Hedgerows are one of the most important habitats for wildlife and with correct management will support a good variety of birds, small mammals, insects and plants.
The hedge-margin, if well maintained, will encourage ground-nesting birds such as partridge. It will also be an ideal habitat for many species of insects, which are both food for birds and often predators of pests.
Ideally the hedge should be thick and bushy, as this type is more beneficial to many birds than thin straggly hedges. Hedgerow shrubs such as hawthorn and bramble will provide fruits for food.
Hedges should be cut in winter, ideally in early February. Hedge maintenance should not be done between March and July as birds are nesting, and it is illegal to intentionally damage or destroy the nest of any wild bird. If possible delay maintenance until late autumn, as fruits are valuable food for birds. As fruit is usually borne on last year’s growth it is better to cut hedges every other year. Alternatively, cut one side one year and the other side the next. If possible, allow some trees to develop as standards at about five to10 metre intervals.
Birds can use these as song perches. Ash, oak, field maple and hornbeam are especially good. Oak, in particular, is home to an enormous number of insects.
An A-shaped hedge (see diagram opposite) provides maximum protection for wildlife, but alternative shaping may be needed in different environments. Hedges should be wide enough to shelter and protect birds’ nests.
If the hedge network is extensive, a flail may be the most efficient way to cut. However, the flail should not be used on branches which are more than 2 cm in diameter (about the thickness of your thumb), as this tends to tear branches. Tearing branches may encourage diseases and wounds take longer to heal. It is also important to keep the flail sharp for an effective cut.
If possible leave a wide undisturbed margin adjacent to the hedge, ideally at least 2m wide. Previously cultivated margins can be left to regenerate naturally or can be sown with a mixture of native grass and wild flower seeds. Pollen and nectar encourage insects, and the plants conceal the base of the hedge which can then provide a home and a run for small mammals. The margins can either have an annual cut in August, after the flowers have seeded, or be cut bi-annually in rotation. This ensures some over-wintering vegetation is always provided. The cuttings should be removed.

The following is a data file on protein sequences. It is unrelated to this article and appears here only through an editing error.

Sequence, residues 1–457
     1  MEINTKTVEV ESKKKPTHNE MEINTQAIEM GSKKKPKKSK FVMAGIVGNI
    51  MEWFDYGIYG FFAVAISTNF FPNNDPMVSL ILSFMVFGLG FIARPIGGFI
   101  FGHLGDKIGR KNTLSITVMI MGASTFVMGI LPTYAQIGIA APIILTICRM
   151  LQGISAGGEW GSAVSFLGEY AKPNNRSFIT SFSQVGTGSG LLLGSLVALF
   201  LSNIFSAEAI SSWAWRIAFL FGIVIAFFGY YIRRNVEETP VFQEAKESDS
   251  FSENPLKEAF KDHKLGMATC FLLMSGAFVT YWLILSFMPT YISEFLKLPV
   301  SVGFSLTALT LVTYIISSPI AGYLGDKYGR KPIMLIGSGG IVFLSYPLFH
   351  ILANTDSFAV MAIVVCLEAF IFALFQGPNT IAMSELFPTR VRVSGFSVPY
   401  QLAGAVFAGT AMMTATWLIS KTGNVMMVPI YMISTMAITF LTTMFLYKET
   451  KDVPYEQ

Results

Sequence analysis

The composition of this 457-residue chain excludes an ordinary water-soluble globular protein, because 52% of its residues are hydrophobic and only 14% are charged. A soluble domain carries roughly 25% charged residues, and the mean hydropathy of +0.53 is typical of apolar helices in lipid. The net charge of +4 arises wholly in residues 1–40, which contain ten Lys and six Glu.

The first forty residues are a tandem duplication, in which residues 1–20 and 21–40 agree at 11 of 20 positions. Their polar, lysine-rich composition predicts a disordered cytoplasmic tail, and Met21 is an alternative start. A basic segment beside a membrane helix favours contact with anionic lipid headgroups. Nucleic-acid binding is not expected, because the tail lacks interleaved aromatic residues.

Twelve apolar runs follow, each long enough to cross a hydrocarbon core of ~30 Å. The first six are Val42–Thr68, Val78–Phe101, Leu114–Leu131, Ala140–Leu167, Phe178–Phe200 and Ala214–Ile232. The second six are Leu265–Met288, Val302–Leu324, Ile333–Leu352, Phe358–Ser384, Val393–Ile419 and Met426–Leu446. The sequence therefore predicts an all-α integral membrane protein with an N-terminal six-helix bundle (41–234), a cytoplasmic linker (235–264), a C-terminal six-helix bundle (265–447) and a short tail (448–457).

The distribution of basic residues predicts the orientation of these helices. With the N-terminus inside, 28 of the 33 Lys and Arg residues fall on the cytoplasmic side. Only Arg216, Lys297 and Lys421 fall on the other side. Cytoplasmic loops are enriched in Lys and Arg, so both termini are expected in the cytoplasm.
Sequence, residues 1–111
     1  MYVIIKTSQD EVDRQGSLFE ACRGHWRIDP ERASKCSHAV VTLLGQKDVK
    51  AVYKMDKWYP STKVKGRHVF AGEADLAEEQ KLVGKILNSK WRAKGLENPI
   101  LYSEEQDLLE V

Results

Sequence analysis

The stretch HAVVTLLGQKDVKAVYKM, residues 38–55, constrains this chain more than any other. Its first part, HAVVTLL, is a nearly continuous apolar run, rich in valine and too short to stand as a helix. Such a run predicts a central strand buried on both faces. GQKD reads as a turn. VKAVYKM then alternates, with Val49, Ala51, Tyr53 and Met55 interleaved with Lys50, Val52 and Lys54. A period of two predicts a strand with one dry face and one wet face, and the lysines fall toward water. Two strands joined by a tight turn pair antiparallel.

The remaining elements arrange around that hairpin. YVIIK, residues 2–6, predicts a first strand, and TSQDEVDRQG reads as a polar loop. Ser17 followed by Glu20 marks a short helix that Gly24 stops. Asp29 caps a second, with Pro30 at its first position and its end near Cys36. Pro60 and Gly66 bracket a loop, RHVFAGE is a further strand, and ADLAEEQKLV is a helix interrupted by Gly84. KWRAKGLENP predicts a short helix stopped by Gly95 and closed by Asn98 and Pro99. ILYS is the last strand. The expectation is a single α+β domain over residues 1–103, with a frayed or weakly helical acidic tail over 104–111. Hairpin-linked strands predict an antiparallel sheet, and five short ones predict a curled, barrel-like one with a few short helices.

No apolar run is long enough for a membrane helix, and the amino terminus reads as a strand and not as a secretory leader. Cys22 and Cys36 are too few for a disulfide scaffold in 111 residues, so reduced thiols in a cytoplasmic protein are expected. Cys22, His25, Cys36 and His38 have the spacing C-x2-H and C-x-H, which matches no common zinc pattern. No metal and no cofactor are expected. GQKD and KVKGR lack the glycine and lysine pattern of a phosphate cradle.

If a hedge is very straggly or overgrown, more drastic measures such as coppicing, may be needed. Coppicing involves rejuvenating hedges by cutting down to near ground level. This encourages vigorous regrowth. Coppicing is best done in sections in order to reduce the impact on wildlife. During the winter, cut back the main stem to just above ground level. Cut at an angle to allow the water to run off. In the spring, several shoots will grow up, thus thickening the hedge.
These young shoots may be grazed by deer or rabbits so it may be necessary to protect the shoots with netting or brash until fully established. To thicken the hedge, cut shoots again at the end of the second winter, making the cut at about 45 cms from the base of the shoot.
Many mature elm trees have died as a result of Dutch elm disease. This disease is carried by the elm bark beetle which burrows beneath the bark of trees which are 10 or more years old. If elm hedges are coppiced in sections on a 15 to 20 year rotation, the growth of vigorous suckers will occur and the disease can be avoided.
This is a traditional and very effective means of making a fine hedge, but needs skilled training to do effectively. It is best done to improve thin straggly hedges in which individual shoots are 2.5 to 5m in height and about five to 10cms in diameter.
Side branches are cut off the stems. The stems, or pleachers, are then cut almost through at the base, and then bent over to lie horizontally. Stakes, which can be made from the cut side branches, are knocked into the ground at about 2m intervals and the pleachers are woven between them. Side branches grow out of the pleachers and make a dense hedge. Initially it may be necessary to fence with netting to prevent browsing by animals.
Careful thought should be given to the disposal of the branches removed during coppicing. Brash can sometimes be used to create a barrier to prevent grazing of young hedges. Otherwise it is best to remove it offsite or shred. Burning may well damage other habitats and the wildlife they contain.
New hedges and gapping-up
Gaps often occur in hedges. As a continuous hedge acts as a better wildlife corridor, it is worth ‘gapping up’ by establishing new plants. If the gaps are caused by shade from over-hanging trees, consider planting shade tolerant species like hazel, holly or hawthorn. Further benefits to wildlife can be created by planting new native hedges that link existing hedgerows and semi-natural habitats.
For detailed information on planting new hedges check out our section on hedgerow planting.